Is it possible to slow global warming?

There is growing frustration after more than two decades of intense climate talks

May 15, 2018 12:02 am | Updated December 04, 2021 11:57 pm IST

This is an important year for making progress on the Paris Agreement (PA), which was discussed at the climate meeting called the Conference of Parties (COP-21) to the UN Framework Convention on Climate Change (UNFCCC) in December 2015. The Paris Agreement entered into force in November 2016. A two-week-long meeting was recently concluded in Bonn (April 30-May 10) where the operational guidelines for implementing the PA were to be discussed and agreed upon by all parties. What one was looking for was a common, consistent framework of how each country would define and measure its commitments. It would also include proposals for how action taken could be monitored, accounted for and kept transparent while providing some level of flexibility.


This meeting was the 48th session of the UNFCCC Subsidiary Body for Implementation (SBI) and Subsidiary Body for Scientific and Technological Advice (SBSTA), referred to as SB48. With insufficient progress towards goals, another interim meeting has been proposed in Bangkok ahead of COP-24 in Katowice, Poland, in December 2018. A good draft on the rulebook ought to be ready before the COP. Ideally, these guidelines should help countries develop ambitious targets for the next level of the Nationally Determined Contributions (NDCs). There should also be a regularised and dependable flow of funds from rich countries so that climate action can be implemented in developing nations. Countries can then develop along a path of sustainable development that is low carbon and inclusive of poor and other marginalised communities.

The barriers

The roadblocks at the Bonn meeting seemed predictable. On the issue of the NDCs, the question was the scope of the rulebook. Developing countries want them to cover mitigation targets, adaptation and the means of implementation for the NDCs. Developed or rich countries would like the rulebook to be limited to mitigation, the reduction of greenhouse gases. But since most countries require adaptation programmes in a warming world and need support to implement their national targets, it is essential that these be included too. In fact, most NDCs require support for operationalising them. The “means of implementation” are about financial support and technology transfer to build capacity in poorer countries and have always been contentious. At various sessions and discussions on climate change, this issue has turned out to be a deal breaker.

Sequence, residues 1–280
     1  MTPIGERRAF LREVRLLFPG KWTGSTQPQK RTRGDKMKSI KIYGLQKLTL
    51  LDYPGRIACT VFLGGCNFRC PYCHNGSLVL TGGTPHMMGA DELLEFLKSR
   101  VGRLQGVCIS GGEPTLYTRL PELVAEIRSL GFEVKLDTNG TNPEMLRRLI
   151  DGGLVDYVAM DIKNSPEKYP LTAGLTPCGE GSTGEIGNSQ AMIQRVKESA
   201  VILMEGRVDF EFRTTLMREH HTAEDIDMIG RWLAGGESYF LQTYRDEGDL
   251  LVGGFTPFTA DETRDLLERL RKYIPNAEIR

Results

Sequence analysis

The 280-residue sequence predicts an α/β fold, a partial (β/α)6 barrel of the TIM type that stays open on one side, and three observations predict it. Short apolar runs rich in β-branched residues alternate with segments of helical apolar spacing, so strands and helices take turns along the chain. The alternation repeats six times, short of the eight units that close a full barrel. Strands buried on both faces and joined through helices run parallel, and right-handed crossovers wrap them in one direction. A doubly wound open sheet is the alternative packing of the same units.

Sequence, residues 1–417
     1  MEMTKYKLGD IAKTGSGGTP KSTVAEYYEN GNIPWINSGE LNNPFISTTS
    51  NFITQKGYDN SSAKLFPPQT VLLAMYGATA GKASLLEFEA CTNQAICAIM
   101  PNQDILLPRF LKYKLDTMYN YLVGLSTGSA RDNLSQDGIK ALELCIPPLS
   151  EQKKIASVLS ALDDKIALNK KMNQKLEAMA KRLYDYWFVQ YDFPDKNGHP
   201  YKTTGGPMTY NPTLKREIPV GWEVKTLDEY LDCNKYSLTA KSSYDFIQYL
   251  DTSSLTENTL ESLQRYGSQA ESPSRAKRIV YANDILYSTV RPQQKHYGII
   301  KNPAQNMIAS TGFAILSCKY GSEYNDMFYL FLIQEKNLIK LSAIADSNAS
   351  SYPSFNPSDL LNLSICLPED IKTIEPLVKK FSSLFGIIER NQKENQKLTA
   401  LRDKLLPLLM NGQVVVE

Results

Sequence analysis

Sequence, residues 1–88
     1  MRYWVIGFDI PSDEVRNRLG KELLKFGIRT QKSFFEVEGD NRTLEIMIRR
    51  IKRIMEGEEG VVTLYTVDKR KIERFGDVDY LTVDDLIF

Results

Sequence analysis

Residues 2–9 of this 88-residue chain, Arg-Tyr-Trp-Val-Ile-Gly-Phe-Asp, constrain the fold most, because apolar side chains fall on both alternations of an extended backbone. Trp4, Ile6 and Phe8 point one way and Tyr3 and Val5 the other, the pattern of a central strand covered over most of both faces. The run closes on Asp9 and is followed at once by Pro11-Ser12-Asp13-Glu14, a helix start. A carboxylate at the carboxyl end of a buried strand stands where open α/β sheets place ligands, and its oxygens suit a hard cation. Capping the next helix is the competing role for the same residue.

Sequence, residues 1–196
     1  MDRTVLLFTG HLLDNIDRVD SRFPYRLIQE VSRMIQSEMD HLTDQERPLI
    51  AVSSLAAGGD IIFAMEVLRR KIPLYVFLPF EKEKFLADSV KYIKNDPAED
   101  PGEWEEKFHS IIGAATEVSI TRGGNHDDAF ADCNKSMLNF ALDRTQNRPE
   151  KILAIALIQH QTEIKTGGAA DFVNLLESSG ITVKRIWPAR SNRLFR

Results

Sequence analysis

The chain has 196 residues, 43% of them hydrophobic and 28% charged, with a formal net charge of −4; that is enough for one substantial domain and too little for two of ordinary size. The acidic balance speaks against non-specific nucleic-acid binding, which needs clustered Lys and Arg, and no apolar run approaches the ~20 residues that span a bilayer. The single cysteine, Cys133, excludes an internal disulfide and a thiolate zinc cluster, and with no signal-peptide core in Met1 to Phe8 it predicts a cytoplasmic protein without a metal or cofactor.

At the Copenhagen summit, it was agreed that from 2020, rich countries would provide a minimum of $100 billion each year to poor and developing countries. There is little sign that these funds will be available. Instead, the discussion on finance has veered towards: how to increase the number of donors who will provide funds; which countries should perhaps be excluded from these funds; and whether these funds are a part of or distinct from the official development assistance, and so on. According to the principle of common but differentiated responsibilities of the UNFCCC, while actions need to be ambitious to limit warming, providing support is essential for equitable action.

Incomplete task

The issues related to loss and damage (L&D) are another thorn in the negotiations. L&D is a means to provide assistance to poor countries that experience severe impacts from climate change but have contributed very little to the greenhouse gases responsible for the warming and its effects. This is a very important issue for the least developed countries and for small islands, which are already experiencing the brunt of sea level rise. But there was little progress on the funds that could be used to support L&D.


Participants could not come to an agreement on any significant issue and thus have not produced a draft document to guide full implementation of the PA. Some commentators have said that the pace of the discussions was slow and that there was an absence of urgency.

The NDCs put forth prior to the Paris COP would lead up to 2030. Discussions on raising the bar beyond that would be discussed at COP-24 in Poland. Even if the current NDCs were implemented, the world would be on track to be warmer by about 3°Celsius.

The discussions at Bangkok in early September are therefore crucial and continue the incomplete task from this Bonn meeting. The UN is also expected to release the report on the impacts from a 1.5°C warming around the same time.

Given the growing frustration of experienced negotiators on all sides after more than two decades of intense climate talks, it appears that pressure from youth, especially in rich countries, is vital. Unless they remind governments and the public of the responsibilities of their countries towards mitigation, adaptation and support for means of implementation, keeping global warming under reasonably safe levels for humankind could be impossible.

Sujatha Byravan is a scientist who studies science, technology and policy

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